The new rules, which are aimed at reducing concentration risk in MFs bond portfolio and trying to accurately price risk in light of recent defaults by some banks on AT-1 bonds (Additional Tier 1), will kick in from April 1.
The Finance Ministry has sought withdrawal of valuation norms prescribed by the Securities and Exchange Board of India (Sebi) for mutual fund (MF) houses on AT-1 perpetual bonds, as these could be disruptive leading to sudden mark-to-market losses and affecting capital raising plans of PSU banks. The new rules, which are aimed at reducing concentration risk in MFs bond portfolio and trying to accurately price risk in light of recent defaults by some banks on AT-1 bonds (Additional Tier 1), will kick in from April 1.
“Considering the capital needs of banks going forward and the need to source the same from capital markets, it is requested that the revised norms to treat all perpetual bonds as 100-year tenor be withdrawn. The clause on valuation is disruptive in nature,” the Department of Financial Services said in a letter to Sebi on Thursday.
However, the government said Sebi’s proposal to cap MFs exposure in such instrument at 10 per cent can be retained, as they have adequate investment headroom even within this ceiling. On Wednesday, Sebi directed fund houses to make maturity of all perpetual bonds as 100 years, from the date of issuance of the bond for the purpose of valuation — sparking concerns of steep MTM (mark-to-market) losses that funds may have to take on their existing portfolio of such bonds. This is because currently such bonds are valued as short-term papers, but categorising them as a 100-year maturity paper will lead to drop in valuation due to high discount rate on future coupons.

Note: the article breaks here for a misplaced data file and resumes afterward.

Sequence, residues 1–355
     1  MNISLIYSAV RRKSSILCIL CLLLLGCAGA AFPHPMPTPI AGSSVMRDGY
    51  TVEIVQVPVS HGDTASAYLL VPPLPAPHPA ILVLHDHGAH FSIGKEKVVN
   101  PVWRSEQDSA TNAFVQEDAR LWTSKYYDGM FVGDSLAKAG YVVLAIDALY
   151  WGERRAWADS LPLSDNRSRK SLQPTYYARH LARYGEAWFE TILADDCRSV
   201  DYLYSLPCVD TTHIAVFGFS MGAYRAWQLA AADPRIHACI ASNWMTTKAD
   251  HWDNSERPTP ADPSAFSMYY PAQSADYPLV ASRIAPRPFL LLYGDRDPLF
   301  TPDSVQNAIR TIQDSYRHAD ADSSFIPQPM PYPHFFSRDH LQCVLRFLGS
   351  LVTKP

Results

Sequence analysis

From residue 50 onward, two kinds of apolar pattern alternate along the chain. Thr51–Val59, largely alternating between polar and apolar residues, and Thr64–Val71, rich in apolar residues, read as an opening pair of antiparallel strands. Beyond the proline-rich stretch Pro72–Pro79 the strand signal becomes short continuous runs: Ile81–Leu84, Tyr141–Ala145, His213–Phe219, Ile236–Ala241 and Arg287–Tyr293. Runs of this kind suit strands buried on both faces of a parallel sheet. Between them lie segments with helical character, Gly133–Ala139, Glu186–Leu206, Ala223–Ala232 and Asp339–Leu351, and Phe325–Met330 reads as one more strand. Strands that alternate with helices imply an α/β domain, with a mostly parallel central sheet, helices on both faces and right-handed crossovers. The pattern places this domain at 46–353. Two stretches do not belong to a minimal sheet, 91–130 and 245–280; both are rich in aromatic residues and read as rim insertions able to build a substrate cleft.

Mutual funds are among the largest investors in perpetual debt instruments, and hold over Rs 35,000 crore of the outstanding additional tier-I bond issuances of Rs 90,000 crore, as per the Finance Ministry’s letter to Sebi. “With new limits, the incremental ability of MFs to buy bank bonds would be constrained. This will result in increase in coupon rates,” the Ministry said.
“The abrupt drop in valuation is likely to lead to large NAV (net asset value) swings and potential disruption in debt markets as MFs will seek to sell these bonds anticipating investor redemptions, causing panic in debt markets,” the Ministry said.
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